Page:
What ended up organically emerging was a collective grieving of our queer ancestors—from our unknown queer ancestors, to our queer aunts and uncles within our blood and chosen family—which was marked by spontaneous song, lots of crying, prayer, and oral reflections of what brought us to the room. While communally mourning the lives of those passed, we also collectively and musically affirmed our queer selves, and held one another’s queer stories and the emotions and hopes that sprung from them. In the session I felt a release of grief through my own mourning, a release that seemed to be collective as I witnessed others’ mourning, and shared reflections with participants about the session afterward. One of the co-facilitators, Will, mentioned this was the first markedly queer congregation at the conference since its inception, which left me feeling like this process of queer mourning of lives passed was also inherently a process of queer resurgence.
For me, the organic emergence of song with the percussions we made out of our bones and tongues deeply reverberated through and revitalized my emotional, physiological, spirit self. I felt the truth held by many Philippine Indigenous knowledge systems that storytelling through song is a way of connecting to and enabling the survival, return, and celebration of our an-sisters. As Grace Nono notes, in many babaylan Indigenous traditions, song helps to connect to the spirit world in a way that can and does bring back our an-sisters and ancestors, revitalizing our connection to our selves, the earth, our ancestors, and cultures.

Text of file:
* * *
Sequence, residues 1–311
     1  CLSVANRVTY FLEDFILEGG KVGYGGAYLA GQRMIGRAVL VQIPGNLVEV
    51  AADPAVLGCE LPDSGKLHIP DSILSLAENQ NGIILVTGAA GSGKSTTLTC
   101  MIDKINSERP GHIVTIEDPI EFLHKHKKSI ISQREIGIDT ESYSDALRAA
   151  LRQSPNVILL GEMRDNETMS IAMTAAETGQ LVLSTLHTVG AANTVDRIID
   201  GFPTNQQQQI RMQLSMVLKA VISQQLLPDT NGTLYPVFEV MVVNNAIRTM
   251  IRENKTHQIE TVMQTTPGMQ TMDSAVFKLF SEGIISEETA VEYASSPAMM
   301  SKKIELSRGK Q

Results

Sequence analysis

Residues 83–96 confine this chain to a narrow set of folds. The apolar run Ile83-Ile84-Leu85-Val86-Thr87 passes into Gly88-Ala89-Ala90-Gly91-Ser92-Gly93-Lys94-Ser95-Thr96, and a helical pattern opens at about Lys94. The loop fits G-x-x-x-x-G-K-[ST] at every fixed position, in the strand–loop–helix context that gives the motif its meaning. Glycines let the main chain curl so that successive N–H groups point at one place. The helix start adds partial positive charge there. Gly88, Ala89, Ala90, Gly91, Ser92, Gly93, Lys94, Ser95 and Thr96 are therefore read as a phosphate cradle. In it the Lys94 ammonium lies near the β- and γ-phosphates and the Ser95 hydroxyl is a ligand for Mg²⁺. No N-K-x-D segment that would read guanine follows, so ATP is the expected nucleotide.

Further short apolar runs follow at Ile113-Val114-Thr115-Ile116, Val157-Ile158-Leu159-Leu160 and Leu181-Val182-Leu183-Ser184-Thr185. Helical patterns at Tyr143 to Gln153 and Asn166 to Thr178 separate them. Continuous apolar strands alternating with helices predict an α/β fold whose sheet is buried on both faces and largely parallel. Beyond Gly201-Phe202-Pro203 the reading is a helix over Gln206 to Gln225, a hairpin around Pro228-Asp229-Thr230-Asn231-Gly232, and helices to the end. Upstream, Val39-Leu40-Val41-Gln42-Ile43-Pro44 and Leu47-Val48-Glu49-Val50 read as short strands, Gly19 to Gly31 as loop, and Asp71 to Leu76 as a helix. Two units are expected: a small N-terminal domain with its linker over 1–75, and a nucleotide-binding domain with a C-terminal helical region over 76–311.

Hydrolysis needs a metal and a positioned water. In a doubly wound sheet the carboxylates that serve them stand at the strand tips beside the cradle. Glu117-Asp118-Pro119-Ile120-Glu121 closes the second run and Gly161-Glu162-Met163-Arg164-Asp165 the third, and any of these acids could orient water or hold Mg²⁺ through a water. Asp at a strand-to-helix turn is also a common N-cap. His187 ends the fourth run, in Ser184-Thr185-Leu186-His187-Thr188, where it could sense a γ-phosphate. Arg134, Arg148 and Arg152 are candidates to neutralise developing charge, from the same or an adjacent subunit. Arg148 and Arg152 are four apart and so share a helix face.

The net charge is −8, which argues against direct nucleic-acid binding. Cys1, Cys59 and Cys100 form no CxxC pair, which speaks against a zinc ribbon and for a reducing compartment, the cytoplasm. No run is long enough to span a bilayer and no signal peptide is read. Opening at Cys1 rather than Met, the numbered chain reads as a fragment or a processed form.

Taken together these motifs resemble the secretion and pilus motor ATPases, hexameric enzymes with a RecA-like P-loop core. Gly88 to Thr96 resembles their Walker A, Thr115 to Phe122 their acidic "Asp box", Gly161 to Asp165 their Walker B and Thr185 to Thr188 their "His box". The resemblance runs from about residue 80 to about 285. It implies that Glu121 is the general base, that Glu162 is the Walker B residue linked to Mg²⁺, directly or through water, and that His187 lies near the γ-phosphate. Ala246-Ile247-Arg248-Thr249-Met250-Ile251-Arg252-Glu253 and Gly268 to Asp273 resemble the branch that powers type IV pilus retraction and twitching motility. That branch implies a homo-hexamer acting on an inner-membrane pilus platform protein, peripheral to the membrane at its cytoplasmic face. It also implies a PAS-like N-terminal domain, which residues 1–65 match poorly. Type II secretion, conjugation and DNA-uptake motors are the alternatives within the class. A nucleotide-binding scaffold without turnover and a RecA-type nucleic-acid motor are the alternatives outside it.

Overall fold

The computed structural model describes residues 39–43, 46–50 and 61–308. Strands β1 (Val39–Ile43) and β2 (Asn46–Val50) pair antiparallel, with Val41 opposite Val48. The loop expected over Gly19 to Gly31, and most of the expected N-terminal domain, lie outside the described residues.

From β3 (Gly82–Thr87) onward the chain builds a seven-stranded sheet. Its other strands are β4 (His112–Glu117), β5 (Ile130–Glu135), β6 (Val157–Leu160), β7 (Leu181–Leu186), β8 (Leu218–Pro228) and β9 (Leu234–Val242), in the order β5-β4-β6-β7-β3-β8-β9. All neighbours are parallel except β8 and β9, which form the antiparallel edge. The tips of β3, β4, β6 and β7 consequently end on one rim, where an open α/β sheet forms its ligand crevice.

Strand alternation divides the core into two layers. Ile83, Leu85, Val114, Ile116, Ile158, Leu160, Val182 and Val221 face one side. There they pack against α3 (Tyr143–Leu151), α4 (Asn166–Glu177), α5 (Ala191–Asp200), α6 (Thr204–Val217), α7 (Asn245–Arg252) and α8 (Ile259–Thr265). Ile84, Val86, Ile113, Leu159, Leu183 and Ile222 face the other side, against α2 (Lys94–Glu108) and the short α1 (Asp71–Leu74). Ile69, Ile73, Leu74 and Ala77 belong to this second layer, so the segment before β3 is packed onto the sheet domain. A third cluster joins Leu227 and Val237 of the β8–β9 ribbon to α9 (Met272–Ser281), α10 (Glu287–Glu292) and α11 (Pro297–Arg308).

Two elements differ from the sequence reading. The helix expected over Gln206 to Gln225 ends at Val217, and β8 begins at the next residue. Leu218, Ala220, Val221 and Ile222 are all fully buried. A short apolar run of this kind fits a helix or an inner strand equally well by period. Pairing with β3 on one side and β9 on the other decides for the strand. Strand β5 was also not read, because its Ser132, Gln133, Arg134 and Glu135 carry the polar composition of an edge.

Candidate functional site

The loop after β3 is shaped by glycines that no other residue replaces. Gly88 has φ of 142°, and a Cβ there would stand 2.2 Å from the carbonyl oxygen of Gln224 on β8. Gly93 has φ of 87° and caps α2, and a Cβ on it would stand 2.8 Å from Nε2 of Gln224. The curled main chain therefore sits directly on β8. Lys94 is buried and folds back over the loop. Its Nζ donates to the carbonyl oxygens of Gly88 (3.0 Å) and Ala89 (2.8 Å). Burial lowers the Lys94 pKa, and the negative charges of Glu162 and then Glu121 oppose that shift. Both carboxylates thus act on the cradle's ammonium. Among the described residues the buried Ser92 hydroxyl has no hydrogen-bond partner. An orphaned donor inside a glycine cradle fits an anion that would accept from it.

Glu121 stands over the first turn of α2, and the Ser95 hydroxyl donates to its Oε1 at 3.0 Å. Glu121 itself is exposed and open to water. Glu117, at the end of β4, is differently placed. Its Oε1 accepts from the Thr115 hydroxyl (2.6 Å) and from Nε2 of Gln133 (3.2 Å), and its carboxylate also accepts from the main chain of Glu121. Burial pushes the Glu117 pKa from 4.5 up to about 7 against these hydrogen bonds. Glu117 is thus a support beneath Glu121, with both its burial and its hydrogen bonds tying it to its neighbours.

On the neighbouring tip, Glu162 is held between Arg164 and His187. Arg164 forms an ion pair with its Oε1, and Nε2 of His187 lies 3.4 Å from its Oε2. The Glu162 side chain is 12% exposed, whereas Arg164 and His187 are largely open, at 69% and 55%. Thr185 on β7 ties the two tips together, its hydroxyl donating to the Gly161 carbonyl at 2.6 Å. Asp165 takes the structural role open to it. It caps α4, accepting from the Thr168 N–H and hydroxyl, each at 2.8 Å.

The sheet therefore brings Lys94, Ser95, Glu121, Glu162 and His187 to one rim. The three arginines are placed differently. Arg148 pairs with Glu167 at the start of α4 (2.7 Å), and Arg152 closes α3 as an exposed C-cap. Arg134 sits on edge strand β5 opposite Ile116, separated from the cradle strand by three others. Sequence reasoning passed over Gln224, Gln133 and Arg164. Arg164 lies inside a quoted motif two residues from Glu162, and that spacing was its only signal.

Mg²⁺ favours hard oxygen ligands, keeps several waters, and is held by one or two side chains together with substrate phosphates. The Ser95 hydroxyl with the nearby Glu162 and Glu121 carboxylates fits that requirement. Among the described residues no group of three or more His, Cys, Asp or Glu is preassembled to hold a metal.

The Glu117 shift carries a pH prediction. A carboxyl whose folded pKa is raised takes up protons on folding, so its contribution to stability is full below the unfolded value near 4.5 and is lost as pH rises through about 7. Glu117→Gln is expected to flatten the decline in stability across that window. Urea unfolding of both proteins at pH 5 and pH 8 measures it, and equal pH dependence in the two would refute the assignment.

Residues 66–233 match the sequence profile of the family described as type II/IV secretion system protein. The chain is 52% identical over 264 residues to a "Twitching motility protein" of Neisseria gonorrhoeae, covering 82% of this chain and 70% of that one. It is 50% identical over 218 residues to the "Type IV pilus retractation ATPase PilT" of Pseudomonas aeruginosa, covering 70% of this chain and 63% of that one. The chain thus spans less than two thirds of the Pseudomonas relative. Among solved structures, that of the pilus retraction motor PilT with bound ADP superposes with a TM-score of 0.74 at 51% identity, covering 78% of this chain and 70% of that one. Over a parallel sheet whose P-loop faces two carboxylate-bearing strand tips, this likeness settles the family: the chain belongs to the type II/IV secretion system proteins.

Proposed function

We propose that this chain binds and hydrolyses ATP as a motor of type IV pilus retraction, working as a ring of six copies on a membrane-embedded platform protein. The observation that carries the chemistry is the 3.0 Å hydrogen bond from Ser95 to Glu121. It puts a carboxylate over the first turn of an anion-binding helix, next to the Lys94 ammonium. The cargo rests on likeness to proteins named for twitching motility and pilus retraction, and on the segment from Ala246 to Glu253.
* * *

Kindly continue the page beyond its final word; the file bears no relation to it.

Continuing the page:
At the conference, I also reflected on the role of dance in revitalization while witnessing the collaboration between two dance groups. Butterflies in Spirit is “a dance troupe made up of mostly family members of Missing and Murdered Indigenous Women that raises awareness of violence against Indigenous womxn and girls across Canada. BIS commemorates the victims of violence in Vancouver and across Canada”. During and prior to the conference, Butterflies in Spirit collaborated with the Kathara Philippine Indigenous Dance Collective in a fusion of contemporary hiphop with traditional dance choreographed by PowWow dancer Madelaine McCallum and with live musical accompaniment by Kathara.
The dances at the conference re-created many stories of rebirth and renewal through depicting the metamorphosis of butterflies, the migratory flight of birds, difficult journeys through sacred waters, and the welcoming of nations after long journeys. Dance can be a form of community practice that celebrates cultural life through remembering creation stories in movement, nurturing communal bonding, and affirming relationships with spirits & the land through connection with the body and with emotions. The embodied stories I witnessed reminded me that amidst all the dispossession and violence against brown bodies and lands, communal practices of re-connection with body, culture, and land are well alive.